The business models of big tech companies are based on surveillance and are fundamentally incompatible with basic human rights and democracy. Spotify likes to present itself as hip, progressive, and artist-friendly, but its winning model is based on collecting our data, monitoring emotions, and using our behavioral profiles to enrich advertisers. The company recently filed a patent for a product that literally monitors listeners’ speech patterns and tone of voice to recommend music (and, of course, advertisements). Music should be about connection and collective experience, not surveillance and exploitation.

The internet has the potential to profoundly change our society for the better. As a trans-artist playing way outside the mainstream, I’ve seen how technology has the power to raise marginalized voices and promote community and solidarity among musicians, as we do in organizing efforts like the Union of Musicians and Allied Workers and seen their “Justice on Spotify” campaign. However, if we allow a parasitic business model based on surveillance and manipulation to dominate the music industry, it is clear that this serves to undo existing forms of injustice in an industry that has long been plagued by systemic white supremacy, patriarchy and patriarchy becomes, simply to reinforce and exacerbate heterosexism.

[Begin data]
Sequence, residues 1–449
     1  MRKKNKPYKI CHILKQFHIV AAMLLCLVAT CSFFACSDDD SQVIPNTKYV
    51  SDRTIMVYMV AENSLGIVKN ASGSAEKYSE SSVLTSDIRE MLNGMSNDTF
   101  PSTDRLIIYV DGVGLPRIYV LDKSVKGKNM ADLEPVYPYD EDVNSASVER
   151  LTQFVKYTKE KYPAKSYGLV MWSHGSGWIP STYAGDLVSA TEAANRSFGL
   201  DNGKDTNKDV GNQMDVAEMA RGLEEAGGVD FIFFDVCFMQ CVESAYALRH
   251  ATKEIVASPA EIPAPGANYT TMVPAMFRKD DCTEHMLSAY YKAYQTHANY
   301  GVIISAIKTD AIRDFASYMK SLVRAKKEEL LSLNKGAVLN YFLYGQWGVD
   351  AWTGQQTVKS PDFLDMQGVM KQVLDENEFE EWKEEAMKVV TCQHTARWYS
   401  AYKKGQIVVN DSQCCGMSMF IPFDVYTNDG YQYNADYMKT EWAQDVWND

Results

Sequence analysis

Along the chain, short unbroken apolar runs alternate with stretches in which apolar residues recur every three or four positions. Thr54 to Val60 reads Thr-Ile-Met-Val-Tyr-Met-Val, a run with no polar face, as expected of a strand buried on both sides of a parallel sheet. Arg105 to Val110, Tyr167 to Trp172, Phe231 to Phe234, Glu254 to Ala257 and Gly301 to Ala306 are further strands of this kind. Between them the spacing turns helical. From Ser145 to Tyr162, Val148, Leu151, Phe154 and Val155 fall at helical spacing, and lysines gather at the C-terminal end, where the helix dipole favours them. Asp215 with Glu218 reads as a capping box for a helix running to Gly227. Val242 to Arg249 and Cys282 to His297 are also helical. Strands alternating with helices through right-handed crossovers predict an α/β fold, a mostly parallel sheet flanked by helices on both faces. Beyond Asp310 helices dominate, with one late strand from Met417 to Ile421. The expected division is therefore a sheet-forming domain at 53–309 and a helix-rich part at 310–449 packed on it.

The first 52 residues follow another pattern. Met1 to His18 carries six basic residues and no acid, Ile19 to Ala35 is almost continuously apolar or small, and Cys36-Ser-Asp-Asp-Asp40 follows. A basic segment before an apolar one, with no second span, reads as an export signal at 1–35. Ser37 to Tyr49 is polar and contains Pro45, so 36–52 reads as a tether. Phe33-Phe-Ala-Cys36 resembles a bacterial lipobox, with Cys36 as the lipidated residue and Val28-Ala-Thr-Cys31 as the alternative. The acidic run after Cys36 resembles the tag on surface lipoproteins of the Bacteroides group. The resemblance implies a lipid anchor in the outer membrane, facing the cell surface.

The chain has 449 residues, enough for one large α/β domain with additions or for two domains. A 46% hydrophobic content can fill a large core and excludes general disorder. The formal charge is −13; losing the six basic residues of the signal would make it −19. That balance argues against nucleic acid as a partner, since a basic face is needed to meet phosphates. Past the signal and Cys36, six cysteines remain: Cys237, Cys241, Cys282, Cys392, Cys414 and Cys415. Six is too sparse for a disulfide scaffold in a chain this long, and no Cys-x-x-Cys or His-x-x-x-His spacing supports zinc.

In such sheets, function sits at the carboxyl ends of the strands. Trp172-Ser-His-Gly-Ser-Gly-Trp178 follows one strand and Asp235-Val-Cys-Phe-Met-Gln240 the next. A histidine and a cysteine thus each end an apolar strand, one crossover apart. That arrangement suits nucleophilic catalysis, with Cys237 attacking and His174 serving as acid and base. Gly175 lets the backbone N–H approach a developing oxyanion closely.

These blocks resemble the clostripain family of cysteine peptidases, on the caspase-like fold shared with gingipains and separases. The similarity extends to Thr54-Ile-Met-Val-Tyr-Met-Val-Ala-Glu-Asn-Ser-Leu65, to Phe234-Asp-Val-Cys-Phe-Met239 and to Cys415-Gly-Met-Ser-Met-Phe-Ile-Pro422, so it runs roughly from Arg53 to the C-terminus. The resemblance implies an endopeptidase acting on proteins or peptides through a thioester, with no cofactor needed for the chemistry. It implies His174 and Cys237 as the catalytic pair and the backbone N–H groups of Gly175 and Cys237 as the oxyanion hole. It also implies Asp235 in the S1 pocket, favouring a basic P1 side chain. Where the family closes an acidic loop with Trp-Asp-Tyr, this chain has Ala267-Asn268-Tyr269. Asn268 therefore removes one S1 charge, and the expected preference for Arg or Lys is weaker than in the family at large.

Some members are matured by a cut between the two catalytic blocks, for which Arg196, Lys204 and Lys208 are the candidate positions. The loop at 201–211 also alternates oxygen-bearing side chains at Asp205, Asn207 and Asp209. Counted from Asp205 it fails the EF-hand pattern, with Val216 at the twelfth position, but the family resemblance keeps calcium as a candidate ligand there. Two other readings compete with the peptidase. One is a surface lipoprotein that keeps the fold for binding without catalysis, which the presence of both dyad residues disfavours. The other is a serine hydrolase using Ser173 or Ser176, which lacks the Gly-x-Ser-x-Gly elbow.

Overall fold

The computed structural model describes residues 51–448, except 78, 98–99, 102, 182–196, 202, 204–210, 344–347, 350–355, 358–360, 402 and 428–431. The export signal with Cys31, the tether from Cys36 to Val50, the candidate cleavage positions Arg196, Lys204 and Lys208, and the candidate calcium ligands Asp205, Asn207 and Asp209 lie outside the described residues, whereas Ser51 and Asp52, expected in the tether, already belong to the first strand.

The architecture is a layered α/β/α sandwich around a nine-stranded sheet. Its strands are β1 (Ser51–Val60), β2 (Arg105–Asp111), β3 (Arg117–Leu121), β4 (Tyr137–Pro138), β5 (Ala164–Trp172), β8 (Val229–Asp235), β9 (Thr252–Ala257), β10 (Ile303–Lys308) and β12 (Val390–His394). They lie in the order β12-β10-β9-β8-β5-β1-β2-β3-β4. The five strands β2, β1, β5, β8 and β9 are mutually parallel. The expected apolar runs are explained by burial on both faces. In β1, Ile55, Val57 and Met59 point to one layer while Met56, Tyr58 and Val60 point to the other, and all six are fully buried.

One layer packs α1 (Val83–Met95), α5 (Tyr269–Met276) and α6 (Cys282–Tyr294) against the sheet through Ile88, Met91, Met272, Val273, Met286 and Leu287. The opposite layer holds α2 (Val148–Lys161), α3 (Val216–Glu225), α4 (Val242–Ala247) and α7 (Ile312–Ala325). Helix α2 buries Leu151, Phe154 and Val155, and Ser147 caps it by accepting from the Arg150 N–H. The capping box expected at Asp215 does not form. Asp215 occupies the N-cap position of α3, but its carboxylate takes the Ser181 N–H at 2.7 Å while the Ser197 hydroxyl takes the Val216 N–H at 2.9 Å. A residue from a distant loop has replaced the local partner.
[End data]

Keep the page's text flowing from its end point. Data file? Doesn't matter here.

I titled the album Spotify Is Surveillance, not because every single song is a shame about surveillance capitalism or current politics, but because it’s a way to address those issues every time someone clicks play, even if they are is just a love song or a song about the lack of evidence.